NJ businesses that do this might guilt a tip out of you
I honestly don't think it's intentional for every establishment in New Jersey, but it sure can leave you feeling guilty. It's that obligation that you must leave a tip for whatever service that was provided.
Remember before March 2020? It's a good benchmark to use from what tipping once was to what it has become.
Yes, a lot had to change due to the pandemic, and that time immediately after March 2020 definitely warranted greater recognition for those who had to work with the public throughout tough situations.
Prior to that, tipping was mainly reserved for a service provided such as being served at a restaurant, or someone bringing you your bags and cleaning your room at a hotel. The better the service, the better the tip.
Now yes, there were some exceptions, as there are with everything in life. But generally speaking, that's how tips were earned.
Let's look at that word for a moment. Earned. According to dictionary.com, earned is defined as "to gain or get in return for one's labor or service."
There are a few other definitions as well depending on how you use the word, but that's the general meaning of earned. And when it comes to places such as restaurants and hotels, it generally refers to that additional service someone would do for you.
That's how tipping worked then, and that's how tipping should work now. Unfortunately, we seem to be trending further away from that very model.
Yes, we should tip if we feel an individual earned it, but we shouldn't feel forced or obligated to leave one. And that's where we seem to be heading with many establishments in New Jersey.
Forget the online and app tipping for a moment, when you usually have to leave a tip before any service is even provided. Let's focus on those in-person transactions that might make you feel guilty if you don't leave anything at all.
One example of this is the touchscreen transaction with the cashier present. When a bunch of buttons pops up on the screen with various tip amounts to leave for services provided, even when no such service took place.
And this could be for anything, not just a restaurant. If the associate brought my items to the register for me then I might be inclined to leave a little something extra for them.
But if I bring everything up myself and all they do is ring it up, what's the extra service I'm paying for? And sometimes, it goes beyond that.
Have you noticed that whoever's at the register is looking right at you when that big tip screen comes up? It's almost like you must leave them something for doing nothing more but their job.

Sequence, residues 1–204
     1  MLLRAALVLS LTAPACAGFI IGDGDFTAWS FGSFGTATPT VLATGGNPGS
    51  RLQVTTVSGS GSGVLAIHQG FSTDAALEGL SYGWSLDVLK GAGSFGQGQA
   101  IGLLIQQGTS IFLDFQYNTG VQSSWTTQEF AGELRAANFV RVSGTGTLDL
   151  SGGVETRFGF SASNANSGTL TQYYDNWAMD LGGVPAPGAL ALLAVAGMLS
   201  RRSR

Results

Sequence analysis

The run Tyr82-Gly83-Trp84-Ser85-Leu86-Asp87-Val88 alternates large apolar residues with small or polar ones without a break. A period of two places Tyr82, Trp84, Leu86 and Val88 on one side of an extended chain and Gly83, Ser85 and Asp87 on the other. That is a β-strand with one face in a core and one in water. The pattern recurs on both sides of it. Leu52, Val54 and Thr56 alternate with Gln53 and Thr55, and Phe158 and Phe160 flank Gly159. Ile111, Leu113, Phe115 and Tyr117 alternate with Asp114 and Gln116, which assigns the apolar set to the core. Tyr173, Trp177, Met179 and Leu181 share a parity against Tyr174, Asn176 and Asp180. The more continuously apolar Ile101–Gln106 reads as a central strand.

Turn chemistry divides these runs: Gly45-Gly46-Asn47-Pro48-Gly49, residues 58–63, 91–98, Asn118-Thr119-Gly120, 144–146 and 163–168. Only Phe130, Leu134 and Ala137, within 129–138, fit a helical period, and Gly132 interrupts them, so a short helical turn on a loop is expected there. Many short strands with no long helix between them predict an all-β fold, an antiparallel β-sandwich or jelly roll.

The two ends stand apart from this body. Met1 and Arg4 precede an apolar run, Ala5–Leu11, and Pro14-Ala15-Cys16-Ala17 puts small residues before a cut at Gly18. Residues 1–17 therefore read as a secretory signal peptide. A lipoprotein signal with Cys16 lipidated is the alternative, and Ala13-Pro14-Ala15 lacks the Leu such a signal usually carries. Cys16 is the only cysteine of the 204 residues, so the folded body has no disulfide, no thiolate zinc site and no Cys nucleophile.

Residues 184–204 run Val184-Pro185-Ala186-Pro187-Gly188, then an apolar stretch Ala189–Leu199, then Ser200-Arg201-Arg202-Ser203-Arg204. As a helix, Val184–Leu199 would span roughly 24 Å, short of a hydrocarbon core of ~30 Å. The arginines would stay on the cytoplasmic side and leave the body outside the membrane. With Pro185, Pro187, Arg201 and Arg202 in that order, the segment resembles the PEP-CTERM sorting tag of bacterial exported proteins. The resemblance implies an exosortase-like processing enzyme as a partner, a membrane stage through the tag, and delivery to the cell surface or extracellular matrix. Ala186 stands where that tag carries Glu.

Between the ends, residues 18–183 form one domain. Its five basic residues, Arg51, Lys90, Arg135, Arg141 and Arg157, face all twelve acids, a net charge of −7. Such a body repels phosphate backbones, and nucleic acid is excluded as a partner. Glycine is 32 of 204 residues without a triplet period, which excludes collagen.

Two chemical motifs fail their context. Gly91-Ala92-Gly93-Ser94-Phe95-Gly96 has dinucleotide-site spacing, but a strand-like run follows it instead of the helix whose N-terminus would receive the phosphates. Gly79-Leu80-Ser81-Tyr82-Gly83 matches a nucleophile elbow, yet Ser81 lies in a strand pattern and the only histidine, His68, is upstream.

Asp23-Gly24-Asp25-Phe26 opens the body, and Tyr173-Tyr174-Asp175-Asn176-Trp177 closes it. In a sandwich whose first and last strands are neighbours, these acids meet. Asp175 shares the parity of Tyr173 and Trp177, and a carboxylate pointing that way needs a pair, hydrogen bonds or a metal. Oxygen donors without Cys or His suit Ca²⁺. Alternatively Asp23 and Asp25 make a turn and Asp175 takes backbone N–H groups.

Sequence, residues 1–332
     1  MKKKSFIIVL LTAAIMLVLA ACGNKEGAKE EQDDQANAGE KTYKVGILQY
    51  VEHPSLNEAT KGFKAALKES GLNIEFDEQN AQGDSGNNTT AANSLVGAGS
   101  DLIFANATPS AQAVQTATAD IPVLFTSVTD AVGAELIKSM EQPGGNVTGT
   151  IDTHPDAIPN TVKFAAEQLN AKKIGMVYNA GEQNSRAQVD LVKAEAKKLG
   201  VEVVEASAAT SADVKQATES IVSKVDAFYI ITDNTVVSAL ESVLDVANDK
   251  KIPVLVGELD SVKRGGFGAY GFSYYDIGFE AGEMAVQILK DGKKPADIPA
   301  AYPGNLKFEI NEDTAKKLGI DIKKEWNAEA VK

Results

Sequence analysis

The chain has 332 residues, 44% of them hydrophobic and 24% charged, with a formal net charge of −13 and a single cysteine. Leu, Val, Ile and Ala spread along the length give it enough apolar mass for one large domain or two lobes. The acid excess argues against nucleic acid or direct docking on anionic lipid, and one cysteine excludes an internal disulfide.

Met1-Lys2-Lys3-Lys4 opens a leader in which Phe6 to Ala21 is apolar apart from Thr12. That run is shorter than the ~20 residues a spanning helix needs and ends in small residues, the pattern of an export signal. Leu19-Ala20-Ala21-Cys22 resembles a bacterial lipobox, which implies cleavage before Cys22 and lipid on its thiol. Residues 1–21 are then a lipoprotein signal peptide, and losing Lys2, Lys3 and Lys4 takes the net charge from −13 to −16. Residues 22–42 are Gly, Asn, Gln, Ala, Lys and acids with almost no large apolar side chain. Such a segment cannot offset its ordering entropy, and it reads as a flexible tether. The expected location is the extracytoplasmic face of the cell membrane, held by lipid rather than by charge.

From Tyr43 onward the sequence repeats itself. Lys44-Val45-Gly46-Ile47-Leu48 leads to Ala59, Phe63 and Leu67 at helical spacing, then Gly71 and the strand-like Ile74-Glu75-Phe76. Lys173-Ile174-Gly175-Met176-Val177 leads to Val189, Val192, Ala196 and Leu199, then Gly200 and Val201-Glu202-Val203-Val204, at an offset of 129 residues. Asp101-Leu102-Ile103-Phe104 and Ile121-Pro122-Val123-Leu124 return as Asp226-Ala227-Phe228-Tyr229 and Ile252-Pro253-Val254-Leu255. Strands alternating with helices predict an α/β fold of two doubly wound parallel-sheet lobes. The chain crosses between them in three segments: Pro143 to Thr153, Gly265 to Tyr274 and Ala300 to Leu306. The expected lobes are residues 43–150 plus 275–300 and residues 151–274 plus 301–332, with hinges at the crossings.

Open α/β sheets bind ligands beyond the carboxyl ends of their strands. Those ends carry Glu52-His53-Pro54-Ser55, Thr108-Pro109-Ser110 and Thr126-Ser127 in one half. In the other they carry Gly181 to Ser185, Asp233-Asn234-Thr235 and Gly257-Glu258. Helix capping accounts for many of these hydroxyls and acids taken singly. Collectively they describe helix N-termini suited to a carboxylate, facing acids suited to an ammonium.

Or, how about then they verbally tell or ask you to leave a tip? I've had that happen before where the cashier will tell me that my screen will prompt me to leave a tip and will keep their eyes on me while I make a selection.
And it's that standing there and staring at you while you make the choice that might guilt you into leaving something extra. Even if it is the smallest tip option, it's something you probably wouldn't have done had the employee not been standing right there keeping their eyes on you.
And we're literally leaving tips for everything nowadays. What is that extra service we're receiving that we didn't get in the past that demands more financial compensation from us?
Or, the trifecta when they verbally ask you for that tip while they stare at you making the decision on that touchscreen. It just seems like tipping is becoming more and more pushed on us than it ever has before.
Again, I'm not saying we should do away with tipping altogether. Some employees do serve us more than other positions would and rightfully earn that extra compensation.
But we really need to get a hold on what gets tipped and what doesn't. It seems to be getting out of control and many of us leave those tips when we really shouldn't because we were guilted into feeling like we had to.
I'm sure some New Jersey establishments that do this aren't even aware since the technology is set up that way. But I bet others are fully aware of it and they bank on subtly guilting you into leaving a few extra bucks.
And I don't think it's just me who's been noticing this trend, or not even realizing they get guilted into leaving tips when it's unnecessary. I think most of us have done it before.
Maybe we hesitate for a moment, be we eventually hit one of those buttons that leaves a little something extra. Eventually, people are going to stop leaving tips altogether if this push for tips keeps getting out of hand.
I would just hope those tips we do leave go to the employees and not the pockets of the business owners. Either way, should we really be tipping for every little thing?
The post above reflects the thoughts and observations of New Jersey 101.5 weekend host Mike Brant. Any opinions expressed are his own.